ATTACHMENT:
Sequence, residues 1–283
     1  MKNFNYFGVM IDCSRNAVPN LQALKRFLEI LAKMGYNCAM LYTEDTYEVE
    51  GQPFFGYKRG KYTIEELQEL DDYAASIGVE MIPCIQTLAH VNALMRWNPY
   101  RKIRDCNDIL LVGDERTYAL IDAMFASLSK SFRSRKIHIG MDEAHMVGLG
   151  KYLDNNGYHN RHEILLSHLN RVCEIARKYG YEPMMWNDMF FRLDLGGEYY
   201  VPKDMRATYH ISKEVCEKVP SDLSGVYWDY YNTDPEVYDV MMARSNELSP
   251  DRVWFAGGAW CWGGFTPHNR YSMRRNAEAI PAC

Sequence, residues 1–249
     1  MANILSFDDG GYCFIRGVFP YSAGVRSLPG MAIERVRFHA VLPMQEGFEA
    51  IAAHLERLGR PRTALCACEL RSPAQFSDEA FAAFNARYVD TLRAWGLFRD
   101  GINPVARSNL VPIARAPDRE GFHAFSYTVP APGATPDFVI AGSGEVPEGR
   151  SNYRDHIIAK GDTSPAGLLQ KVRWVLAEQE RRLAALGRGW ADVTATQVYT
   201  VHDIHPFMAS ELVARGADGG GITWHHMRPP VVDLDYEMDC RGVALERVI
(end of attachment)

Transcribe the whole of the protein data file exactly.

Sequence, residues 1–283
     1  MKNFNYFGVM IDCSRNAVPN LQALKRFLEI LAKMGYNCAM LYTEDTYEVE
    51  GQPFFGYKRG KYTIEELQEL DDYAASIGVE MIPCIQTLAH VNALMRWNPY
   101  RKIRDCNDIL LVGDERTYAL IDAMFASLSK SFRSRKIHIG MDEAHMVGLG
   151  KYLDNNGYHN RHEILLSHLN RVCEIARKYG YEPMMWNDMF FRLDLGGEYY
   201  VPKDMRATYH ISKEVCEKVP SDLSGVYWDY YNTDPEVYDV MMARSNELSP
   251  DRVWFAGGAW CWGGFTPHNR YSMRRNAEAI PAC

Sequence, residues 1–249
     1  MANILSFDDG GYCFIRGVFP YSAGVRSLPG MAIERVRFHA VLPMQEGFEA
    51  IAAHLERLGR PRTALCACEL RSPAQFSDEA FAAFNARYVD TLRAWGLFRD
   101  GINPVARSNL VPIARAPDRE GFHAFSYTVP APGATPDFVI AGSGEVPEGR
   151  SNYRDHIIAK GDTSPAGLLQ KVRWVLAEQE RRLAALGRGW ADVTATQVYT
   201  VHDIHPFMAS ELVARGADGG GITWHHMRPP VVDLDYEMDC RGVALERVI